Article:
The last project I did at the Eindhoven University of Technology (TU/e) was the so-called “multi” project. This multidisciplinary assignment was partially a group project and partially individual work. My main task within the group was to develop the project within its urban context, but I also worked on real estate aspects of the assignment and the graphic design of our material. Individually, I delved deeper into the urban design of the project, with a special focus on water.
The assignment was about the redevelopment of an inner-city location in the north of Rotterdam. There is an elevated railway there, several meters above street level, which no longer runs. The railway line was called the Hofpleinviaduct, but most people just call it the ‘Hofbogen’.
There were several requirements for the location. The station and railway line are monuments, which must be conserved. There had to be space for at least 4000 square meters of gross residential floor area, of which a quarter was to be specifically developed for seniors. On the ground floor: retail and working space. The design brief also called for a living and care center; a cluster of small-scale living units for at least 24 people, consisting of 4 group homes; and a space with a societal function. All this, of course, with enough parking space.
An extra urban design demand to the project was the creation of a vision for the redevelopment of the (entire) Hofbogen.
De Noorderlus (Northern Loop)
Adjacent to the project location are two squares: the Eudokiaplein and the Insulindeplein. The former is quite vibrant, the latter more quiet and green. The basis for our group’s design was making and connecting two loops. This transforms the project location into a junction of routes: a route along shops and businesses, and a route along green space. By using the building as the connecting element between these places, multiple interesting routes are created for residents, neighbors, and fellow city dwellers. The area thereby becomes a platform for the community of the Oude Noorden neighborhood of Rotterdam.
We shaped the location using one building. This creates a visual cohesion and an own identity. The shape of the building provides space to two ‘squares’, which are a kind of extension of the surrounding squares. They meet each other and the Hofbogen in the middle. This is the concept of the Noorderlus (Northern Loop): connecting routes.
In our group design we took several different aspects of the building process into account. For instance, we considered building physics on an urban scale, not just at a building level; we used the furnishing and development of urban spaces such as squares when developing floor plans; and in our constructive design we accounted for as much flexibility and cost efficiency as possible.
The furnishing and detailing of the two inner squares in the redeveloped location mainly follows the furnishing of the surrounding squares. The lively shopping loop that runs across the Eudokiaplein is finished with a mostly car-free pedestrian route, which goes past retail space and businesses. This way, visitors can walk in a circle, without having to backtrack to go back where they came from. The quieter, greener Eudokiaplein is extended up to the Hofbogen, in order to create a connection to them.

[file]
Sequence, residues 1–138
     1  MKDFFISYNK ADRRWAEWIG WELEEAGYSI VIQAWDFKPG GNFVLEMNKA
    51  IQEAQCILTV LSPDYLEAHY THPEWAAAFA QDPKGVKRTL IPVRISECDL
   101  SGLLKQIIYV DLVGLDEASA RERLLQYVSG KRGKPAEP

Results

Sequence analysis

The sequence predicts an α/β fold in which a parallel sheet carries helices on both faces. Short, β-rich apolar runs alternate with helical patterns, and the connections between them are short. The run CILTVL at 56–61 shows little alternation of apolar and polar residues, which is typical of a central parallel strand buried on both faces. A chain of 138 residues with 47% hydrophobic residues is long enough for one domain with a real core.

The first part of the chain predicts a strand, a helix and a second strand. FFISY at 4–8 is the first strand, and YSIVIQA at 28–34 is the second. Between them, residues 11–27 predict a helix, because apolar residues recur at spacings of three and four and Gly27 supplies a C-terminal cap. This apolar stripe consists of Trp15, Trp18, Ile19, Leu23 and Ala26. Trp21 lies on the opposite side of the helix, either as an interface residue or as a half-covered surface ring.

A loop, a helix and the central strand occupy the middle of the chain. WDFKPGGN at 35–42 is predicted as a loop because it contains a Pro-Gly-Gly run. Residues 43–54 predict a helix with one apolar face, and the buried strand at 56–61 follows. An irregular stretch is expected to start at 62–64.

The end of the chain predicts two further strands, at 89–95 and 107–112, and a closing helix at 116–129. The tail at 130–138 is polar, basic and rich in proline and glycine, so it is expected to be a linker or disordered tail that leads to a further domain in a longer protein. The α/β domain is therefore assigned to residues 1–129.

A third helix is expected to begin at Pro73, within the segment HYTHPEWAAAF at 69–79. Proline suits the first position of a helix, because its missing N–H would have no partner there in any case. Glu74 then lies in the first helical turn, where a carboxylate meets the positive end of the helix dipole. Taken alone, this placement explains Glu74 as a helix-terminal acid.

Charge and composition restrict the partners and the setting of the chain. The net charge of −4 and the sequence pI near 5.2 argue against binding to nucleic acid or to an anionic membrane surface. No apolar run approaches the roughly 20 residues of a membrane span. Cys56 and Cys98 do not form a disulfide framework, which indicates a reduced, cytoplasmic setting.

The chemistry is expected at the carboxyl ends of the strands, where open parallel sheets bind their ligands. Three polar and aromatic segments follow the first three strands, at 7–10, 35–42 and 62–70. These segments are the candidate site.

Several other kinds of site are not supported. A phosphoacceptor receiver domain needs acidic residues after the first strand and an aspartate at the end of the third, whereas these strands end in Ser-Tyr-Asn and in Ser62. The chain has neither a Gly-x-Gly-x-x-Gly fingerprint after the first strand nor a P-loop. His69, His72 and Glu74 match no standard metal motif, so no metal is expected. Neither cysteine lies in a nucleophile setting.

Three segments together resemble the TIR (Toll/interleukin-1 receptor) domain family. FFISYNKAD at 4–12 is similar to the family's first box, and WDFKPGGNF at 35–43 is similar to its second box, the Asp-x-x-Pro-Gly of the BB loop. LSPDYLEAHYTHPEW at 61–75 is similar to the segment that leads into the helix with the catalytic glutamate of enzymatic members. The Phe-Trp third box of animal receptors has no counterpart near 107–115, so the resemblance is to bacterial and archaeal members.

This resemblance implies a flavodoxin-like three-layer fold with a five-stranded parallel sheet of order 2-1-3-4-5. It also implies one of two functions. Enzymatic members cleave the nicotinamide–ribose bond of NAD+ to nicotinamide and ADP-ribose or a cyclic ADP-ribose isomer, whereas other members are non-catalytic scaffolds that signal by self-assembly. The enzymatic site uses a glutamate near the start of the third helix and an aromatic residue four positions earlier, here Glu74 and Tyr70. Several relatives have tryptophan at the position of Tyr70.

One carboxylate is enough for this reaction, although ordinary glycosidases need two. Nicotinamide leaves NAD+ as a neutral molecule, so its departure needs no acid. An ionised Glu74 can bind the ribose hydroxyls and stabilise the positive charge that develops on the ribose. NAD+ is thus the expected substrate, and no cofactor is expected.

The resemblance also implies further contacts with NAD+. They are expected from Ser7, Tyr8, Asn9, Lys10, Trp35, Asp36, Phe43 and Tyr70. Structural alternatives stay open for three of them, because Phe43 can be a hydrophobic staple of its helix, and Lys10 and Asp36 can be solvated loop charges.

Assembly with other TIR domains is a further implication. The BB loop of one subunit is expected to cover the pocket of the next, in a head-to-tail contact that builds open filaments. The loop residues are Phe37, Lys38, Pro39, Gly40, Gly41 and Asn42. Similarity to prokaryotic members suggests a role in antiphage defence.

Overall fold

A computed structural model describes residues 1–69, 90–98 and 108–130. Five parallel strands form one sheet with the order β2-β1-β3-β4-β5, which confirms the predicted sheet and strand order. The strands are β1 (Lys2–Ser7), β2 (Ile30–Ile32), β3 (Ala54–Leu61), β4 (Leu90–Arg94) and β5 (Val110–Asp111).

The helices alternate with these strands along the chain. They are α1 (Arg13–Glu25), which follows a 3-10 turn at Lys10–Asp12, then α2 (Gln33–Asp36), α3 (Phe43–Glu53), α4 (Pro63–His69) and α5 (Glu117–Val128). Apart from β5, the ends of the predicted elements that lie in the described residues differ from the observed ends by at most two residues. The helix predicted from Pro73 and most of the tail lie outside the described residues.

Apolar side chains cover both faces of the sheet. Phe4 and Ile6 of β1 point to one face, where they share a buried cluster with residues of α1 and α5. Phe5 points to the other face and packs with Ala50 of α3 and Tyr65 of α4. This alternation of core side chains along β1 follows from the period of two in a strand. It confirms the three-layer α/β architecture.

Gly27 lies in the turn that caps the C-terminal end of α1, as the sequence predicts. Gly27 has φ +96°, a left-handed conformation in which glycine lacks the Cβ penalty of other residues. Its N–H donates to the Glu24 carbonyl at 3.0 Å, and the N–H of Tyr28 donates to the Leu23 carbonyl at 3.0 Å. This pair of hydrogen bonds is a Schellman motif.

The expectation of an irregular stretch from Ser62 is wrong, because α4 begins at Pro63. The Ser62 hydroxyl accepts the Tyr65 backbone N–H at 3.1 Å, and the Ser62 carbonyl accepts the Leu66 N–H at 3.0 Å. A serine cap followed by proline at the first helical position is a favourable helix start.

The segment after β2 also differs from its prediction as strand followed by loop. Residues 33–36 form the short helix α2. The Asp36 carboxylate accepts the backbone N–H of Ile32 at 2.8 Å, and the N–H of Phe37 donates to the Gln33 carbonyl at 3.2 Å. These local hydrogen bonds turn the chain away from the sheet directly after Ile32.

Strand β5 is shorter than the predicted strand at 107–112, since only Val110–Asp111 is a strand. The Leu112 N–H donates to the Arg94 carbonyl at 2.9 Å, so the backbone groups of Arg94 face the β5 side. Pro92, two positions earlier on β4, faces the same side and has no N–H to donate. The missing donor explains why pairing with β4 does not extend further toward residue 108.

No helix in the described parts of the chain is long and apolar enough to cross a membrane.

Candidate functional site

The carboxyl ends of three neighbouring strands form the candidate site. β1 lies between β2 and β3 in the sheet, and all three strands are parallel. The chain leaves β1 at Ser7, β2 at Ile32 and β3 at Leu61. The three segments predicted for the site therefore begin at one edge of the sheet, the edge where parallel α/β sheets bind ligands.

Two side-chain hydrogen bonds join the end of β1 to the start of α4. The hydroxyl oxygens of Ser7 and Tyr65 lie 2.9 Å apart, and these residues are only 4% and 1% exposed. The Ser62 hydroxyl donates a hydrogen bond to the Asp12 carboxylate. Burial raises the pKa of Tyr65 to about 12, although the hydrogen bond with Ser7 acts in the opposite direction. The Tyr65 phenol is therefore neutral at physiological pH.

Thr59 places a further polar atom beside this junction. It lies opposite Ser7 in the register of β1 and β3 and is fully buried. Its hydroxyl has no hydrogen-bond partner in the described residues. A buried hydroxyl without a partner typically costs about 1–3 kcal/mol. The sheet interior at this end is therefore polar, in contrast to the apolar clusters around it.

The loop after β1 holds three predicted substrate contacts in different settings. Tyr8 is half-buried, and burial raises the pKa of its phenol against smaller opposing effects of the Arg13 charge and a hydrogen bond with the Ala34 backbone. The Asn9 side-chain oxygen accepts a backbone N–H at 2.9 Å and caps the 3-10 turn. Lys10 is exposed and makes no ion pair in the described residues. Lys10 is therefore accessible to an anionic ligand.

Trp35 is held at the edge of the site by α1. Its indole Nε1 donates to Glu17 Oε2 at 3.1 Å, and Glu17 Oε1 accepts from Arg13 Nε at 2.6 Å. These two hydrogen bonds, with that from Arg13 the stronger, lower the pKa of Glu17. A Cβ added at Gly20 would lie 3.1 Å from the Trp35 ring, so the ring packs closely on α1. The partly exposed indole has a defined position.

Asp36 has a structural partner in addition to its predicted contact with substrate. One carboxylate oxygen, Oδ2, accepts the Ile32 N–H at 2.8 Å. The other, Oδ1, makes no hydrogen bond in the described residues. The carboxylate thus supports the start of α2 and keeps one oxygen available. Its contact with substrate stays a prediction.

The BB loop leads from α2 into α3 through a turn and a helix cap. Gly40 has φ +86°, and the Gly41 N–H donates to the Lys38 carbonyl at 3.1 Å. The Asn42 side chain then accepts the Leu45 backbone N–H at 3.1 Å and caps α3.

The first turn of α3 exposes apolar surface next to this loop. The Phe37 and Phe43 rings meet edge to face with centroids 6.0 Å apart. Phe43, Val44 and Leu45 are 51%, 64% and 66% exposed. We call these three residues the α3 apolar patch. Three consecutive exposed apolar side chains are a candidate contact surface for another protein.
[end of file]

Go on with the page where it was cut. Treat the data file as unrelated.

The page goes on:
The Hofbogen are redeveloped in two ways. The upper deck, where trains used to run, will become an elongated park. A green route that runs through the heart of the city, with multiple entry points. Our project location is one of them. A big advantage of all this green space is that it can take in an enormous quantity of water. Over a sixth of the total water retention demand of Rotterdam!
The arches are being rented out to businesses already. That will be continued, but the arches themselves will get a facelift and functions will be clustered so that they can provide a benefit to one another. Both approaches are based on the idea that monuments can be conserved by being used. This applies to the station as well, which will be redeveloped into a social center for the neighborhood. Lastly, there will be a branch of the Rotterdam library in the new building, a function that the entire area can benefit from.
An important part of this project was building a model. We chose to build our model in a style that would correspond with our other presentation material. Our poster has a dark background, so our model has a base of dark wood. The model is quite stylistic; we almost exclusively used wood, in different colors. We were very pleased with the end result, which was confirmed by teachers, especially when we heard the project would be displayed during the TU/e open days!
I’ve learned a lot during this project, and not only about urban design or other architectural subjects. The intensive collaboration in a group proved to be very valuable and I liked it a lot. I feel like I learned a lot about working in a group and I have developed several ideas on how one can ensure smooth cooperation within a group. This made the project extra valuable to me, so I look back on it with a good feeling.